Student Senate elections underway

Ariel Cohen

Student Senate elections began Monday with students Shawn Tallant and Tom Fitzgerald competing head-to-head for Associated Students President.

Eight of the 10 student senate positions are uncontested. The president’s chair and the Vice President of External Affairs are the two seats being vied for.

Students can submit their votes online until noon on Thursday via Pipeline.

Both presidential candidates say parking, sustainability and transportation are key issues they hope to tackle if elected.

“City College has tons of resources for positive change,” said Tallant, a long time environmental activist at the college.

Tallant is also a former employee of City College, who worked as the campus parking coordinator and is co-chair of the Student Labor Action Project, a club on campus promoting political activism.

“Our school needs to start behaving as a part of the community,” he said, discussing issues such as the negative impact students have on Santa Barbara housing and traffic.

Fitzgerald also feels transportation is an important issue to be addressed.

“I have strong support for alternative modes of transportation,” he said. Fitzgerald said two goals as future president are cleaning up the bus stops and making bus routes more frequent and efficient.

Fitzgerald worked as the public relations officer for the Student Senate this semester and said it motivated him to run.

He said he feels the way current president Eric Borlaug has run the show has been successful overall, and if elected for the position, he hopes to continue Borlaug’s efforts.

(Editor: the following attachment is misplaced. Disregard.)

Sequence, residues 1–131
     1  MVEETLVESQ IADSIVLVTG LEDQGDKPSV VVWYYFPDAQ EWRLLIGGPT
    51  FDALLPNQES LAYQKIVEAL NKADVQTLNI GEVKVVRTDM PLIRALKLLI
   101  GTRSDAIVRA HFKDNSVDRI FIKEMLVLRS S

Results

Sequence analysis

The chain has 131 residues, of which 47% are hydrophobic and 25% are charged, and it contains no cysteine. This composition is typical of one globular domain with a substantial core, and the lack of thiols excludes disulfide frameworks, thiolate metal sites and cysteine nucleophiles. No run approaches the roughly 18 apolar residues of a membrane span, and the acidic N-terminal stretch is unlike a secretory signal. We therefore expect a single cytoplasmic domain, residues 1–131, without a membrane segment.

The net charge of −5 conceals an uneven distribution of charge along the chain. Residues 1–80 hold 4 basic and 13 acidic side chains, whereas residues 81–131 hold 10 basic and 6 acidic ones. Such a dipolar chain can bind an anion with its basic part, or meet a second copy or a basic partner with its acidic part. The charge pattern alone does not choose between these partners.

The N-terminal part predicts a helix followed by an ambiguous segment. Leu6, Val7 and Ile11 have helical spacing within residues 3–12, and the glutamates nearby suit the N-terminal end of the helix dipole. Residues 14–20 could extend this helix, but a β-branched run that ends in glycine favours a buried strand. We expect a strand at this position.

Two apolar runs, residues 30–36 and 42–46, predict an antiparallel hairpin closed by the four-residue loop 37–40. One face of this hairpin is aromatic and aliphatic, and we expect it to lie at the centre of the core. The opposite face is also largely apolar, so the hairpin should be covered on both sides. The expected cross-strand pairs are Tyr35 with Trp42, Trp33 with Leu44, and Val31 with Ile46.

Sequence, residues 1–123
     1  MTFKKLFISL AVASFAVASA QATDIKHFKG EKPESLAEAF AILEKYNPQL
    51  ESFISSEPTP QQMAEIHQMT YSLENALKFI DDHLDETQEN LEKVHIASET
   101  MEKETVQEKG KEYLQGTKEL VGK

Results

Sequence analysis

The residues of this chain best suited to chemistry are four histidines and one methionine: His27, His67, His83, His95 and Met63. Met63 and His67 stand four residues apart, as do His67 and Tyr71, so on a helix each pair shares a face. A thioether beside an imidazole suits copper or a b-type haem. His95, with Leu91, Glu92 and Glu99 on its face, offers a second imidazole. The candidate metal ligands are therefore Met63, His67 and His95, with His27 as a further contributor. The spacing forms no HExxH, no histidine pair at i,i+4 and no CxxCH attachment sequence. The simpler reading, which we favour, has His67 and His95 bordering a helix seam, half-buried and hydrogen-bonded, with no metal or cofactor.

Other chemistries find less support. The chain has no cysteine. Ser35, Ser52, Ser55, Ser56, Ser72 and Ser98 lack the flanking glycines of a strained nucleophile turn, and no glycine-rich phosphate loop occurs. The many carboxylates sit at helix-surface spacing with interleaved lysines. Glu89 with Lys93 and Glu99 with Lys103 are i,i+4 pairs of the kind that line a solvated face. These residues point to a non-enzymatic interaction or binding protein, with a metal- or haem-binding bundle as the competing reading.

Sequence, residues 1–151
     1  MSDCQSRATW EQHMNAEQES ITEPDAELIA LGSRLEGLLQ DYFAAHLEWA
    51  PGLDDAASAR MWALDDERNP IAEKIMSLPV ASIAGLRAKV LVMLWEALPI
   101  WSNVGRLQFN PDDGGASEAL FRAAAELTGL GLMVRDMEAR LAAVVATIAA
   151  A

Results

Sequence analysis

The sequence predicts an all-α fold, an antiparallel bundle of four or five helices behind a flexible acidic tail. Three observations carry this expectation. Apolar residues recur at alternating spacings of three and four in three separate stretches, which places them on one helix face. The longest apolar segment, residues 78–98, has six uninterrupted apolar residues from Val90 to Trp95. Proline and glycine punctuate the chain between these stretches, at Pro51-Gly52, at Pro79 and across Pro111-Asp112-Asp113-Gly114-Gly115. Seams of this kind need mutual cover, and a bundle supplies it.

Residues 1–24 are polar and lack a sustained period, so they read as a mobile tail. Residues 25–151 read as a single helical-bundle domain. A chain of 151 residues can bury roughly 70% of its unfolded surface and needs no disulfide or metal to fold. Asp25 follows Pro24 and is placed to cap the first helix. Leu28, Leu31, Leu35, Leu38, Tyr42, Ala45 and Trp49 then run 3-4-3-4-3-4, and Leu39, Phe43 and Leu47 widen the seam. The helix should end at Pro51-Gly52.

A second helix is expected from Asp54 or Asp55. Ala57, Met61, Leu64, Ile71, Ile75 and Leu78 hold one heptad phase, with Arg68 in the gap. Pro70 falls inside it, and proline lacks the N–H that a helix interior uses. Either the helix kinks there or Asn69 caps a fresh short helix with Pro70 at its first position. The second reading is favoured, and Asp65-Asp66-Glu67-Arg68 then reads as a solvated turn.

Tallant disagrees.

“The decisions shouldn’t be made by 15 students behind closed doors,” he said. “As student body president, I would change the way things work. They need to be out educating students and creating an opportunity for students to be a part of the solution.”

Working on campus since 2002 has opened Tallant’s eyes to the way things are as opposed to the way things should be, he said.

Although Fitzgerald sees eye-to-eye with Tallant on the need for changes, he views the Student Senate in a different light.

“I want my agenda to be as open as my ears [to students],” he said, “I want to represent every student, not just the ones who vote.”

Students are able to vote online and have been able to for the past three years.

“All registered students will receive an e-mail with a link to the students who are campaigning, and then another link to the actual ballot,” said Ann Fryslie, director of Student Life.

“After voting, students can view the continual and final progress of the election from then on at the Web site,” she added.

The candidates this semester have also taken their own initiative to attract interest.

Fitzgerald, along with fellow senate member Lauren Vrazelik, started a campaigning party. The students running who are currently on the Student Senate are all members and involved in helping each other campaign collectively.

Vrazelik, who is running for the position of Vice President of Senate Affairs, said she too wants to “let students know that we have a lot of power to make changes.”

As Vrazelik expressed, “the point of being a senator is doing what everyone really wants, not just following your own agenda.”

Ryan McNicholas, who is running against Vrazelik, spoke about his concerns on his platform on the City College Web site.

“I am most worried about the amount of money out-of-state and international students are paying,” said McNicholas in his written platform.

To look further in to candidate platforms and how to get involved, go to http://www.sbcc.edu/student senate.